Fig. 1
figure 1

Contextualization of the innovations within the transition process. Abbreviation: FMG, Family medicine group

To support these changes, the Laval-ROSA Transilab has six specific objectives. The first three are directly related to the four targeted innovations: 1) co-develop a dashboard for monitoring transitions; 2) co-develop targeted interventions on transitions; 3) co-evaluate the effects and implementation conditions of these innovations in a continuous learning cycle. In addition, we aim to: 4) co-evaluate the impact and implementation process of the entire Laval-ROSA Transilab transformation; 5) support its sustainability; and 6) transfer it to other regions. This paper aims to present the protocol of the Laval-ROSA Transilab and an overview of its processes.


A living lab approach embedded in a learning health system

The Laval-ROSA Transilab is based on living lab, and learning health system (LHS) approaches. A living lab is a “user-centric innovation environment built on every-day practice and research, with an approach that facilitates user influence in open and distributed innovation processes engaging all relevant partners in real-life contexts, aiming to create sustainable values” [17]. Its key elements include: 1) the use of multi-method approaches; 2) engagement of end-users, 3) participation of multiple partners; 4) activities carried out in real-life settings, and 5) co-created environment for innovations [18, 19].

LHSs are defined as systems where “science, informatics, incentives, and culture are aligned for continuous improvement and innovation, with best practices seamlessly embedded in the delivery process and new knowledge captured as an integral by-product of the delivery experience” [20]. An LHS approach centers care improvement on developing the organizations’ capacity to learn from their practices [21]. Each LHS cycle has three phases: 1) Data to knowledge (conversion of data from various sources to knowledge that can drive decision-making, improvement, and innovation); 2) Knowledge to practice (the knowledge is applied to support practice innovation and improvement); 3) practice to data (generation of practice-based data) [18]. The Laval-ROSA Transilab comprises two LHS cycles; Fig. 2 shows these cycles and the integration of each objective.

Fig. 2
figure 2

Process of the Laval-ROSA Transilab

Objective 1: co-develop a dashboard for monitoring transitions

Within the Transilab, a dashboard for monitoring transitions will be used to visually display information on pre-defined indicators, create knowledge, and influence the practices on the Laval territory. First, we will prioritize indicators of transition for PLWD, according to the 34 indicators of the Framework For Primary Care Quality Indicators For Patients with Dementia that can be operationalized in administrative databases or electronic health records [22]. We will thus run a modified DELPHI technic (two rounds of online questionnaires) with 100 participants, including managers, professionals, patients’ representatives, and community services representatives [23]. Following these results, we will co-design a dashboard for monitoring transitions of PLWD, based on previous work by the ROSA team. We will update the dashboard annually, using two data sources.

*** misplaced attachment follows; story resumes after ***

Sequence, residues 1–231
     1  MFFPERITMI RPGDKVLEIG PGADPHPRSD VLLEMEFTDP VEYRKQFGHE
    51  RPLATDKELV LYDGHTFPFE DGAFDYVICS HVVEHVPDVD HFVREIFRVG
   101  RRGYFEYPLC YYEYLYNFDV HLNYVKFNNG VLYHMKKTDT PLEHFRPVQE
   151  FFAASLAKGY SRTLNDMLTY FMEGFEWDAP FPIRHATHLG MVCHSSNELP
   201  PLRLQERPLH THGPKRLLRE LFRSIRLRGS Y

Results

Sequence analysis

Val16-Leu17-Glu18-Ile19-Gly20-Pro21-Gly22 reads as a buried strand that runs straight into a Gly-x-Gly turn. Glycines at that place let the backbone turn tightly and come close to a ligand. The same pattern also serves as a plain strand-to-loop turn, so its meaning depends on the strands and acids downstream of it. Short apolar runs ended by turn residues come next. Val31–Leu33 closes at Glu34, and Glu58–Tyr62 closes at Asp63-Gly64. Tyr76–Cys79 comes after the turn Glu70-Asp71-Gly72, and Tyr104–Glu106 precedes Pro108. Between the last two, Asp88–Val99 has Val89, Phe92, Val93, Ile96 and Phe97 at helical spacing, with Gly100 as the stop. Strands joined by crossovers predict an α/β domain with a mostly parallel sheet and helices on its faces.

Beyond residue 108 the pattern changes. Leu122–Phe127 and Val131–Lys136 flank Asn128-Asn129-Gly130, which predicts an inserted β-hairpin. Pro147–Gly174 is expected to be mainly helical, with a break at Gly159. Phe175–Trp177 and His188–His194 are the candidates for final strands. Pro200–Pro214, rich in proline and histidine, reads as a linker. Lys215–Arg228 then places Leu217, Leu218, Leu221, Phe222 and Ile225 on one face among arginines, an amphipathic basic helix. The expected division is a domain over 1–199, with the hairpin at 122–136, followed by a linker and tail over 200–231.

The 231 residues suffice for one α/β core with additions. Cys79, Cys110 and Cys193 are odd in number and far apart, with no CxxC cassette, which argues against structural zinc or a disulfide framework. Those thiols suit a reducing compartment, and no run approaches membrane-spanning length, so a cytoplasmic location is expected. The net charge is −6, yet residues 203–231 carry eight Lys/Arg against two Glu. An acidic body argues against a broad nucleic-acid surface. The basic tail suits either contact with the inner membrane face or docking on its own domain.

The first is health administrative data from the Quebec Integrated Chronic Disease Surveillance System (QICDSS) [24], a provincial database notably providing access to the entire population diagnosed with dementia in the Laval CISSS territory (expected cohort size of 6,000 individuals). The second data source is from the Canadian Primary Care Sentinel Surveillance Network (CPCSSN), an electronic medical record surveillance system that collects various data from FMGs (e.g., diagnosis, medications, labs) [25]. In Quebec, the CPCSSN provides access to approximately 250 PLWD in the Laval CISSS territory. Descriptive analyses (e.g., proportions and frequencies) will be presented along with Sankey diagrams, allowing visualization of care transitions across multiple settings. Ultimately, the Laval CISSS will be better equipped to understand the care trajectories of PLWD within their territory and make more informed decisions regarding care transitions.

Objective 2: co-develop targeted innovations

For this objective, we will use a participatory methodology [26] for co-designing innovations [27]. The steering committee and QAP representatives will hold a one-day co-design workshop for each LHS cycle. The objective will be to review the dashboard data, discuss the innovations that have been implemented, refine them based on their evaluation and plan the co-development and evaluation of new innovations. These yearly workshops will be essential to fully engage the actors in the co-design and piloting of change. Table 1 present a description of the four innovations (existing and to co-developed).

Table 1 Description of the Laval-ROSA Transilab innovations

We already established the co-development plan of Innovation C (disclosure of the dementia diagnosis). Thus, it will be co-created with professionals based in two FMGs of the Laval CISSS. We will organize two co-design meetings to bring out the needs of professionals around dementia diagnosis disclosure, and to develop and validate the intervention, which will consist of a training workshop, based on an experiential approach to learning (e.g., role-playing, feedback). In addition, coaching sessions will be offered to promote integration into their practice. We will build on communication approaches developed to mitigate the negative impact of bad news (i.e., dementia diagnosis disclosure): Calgary-Cambridge approach for practitioner-patient communication [34].

Innovation D (care navigator model) will be co-developed during the second HLS cycle of the Transilab, based on the lessons learned from previous innovations.

Objective 3: co-evaluate the implementation and impact of the innovations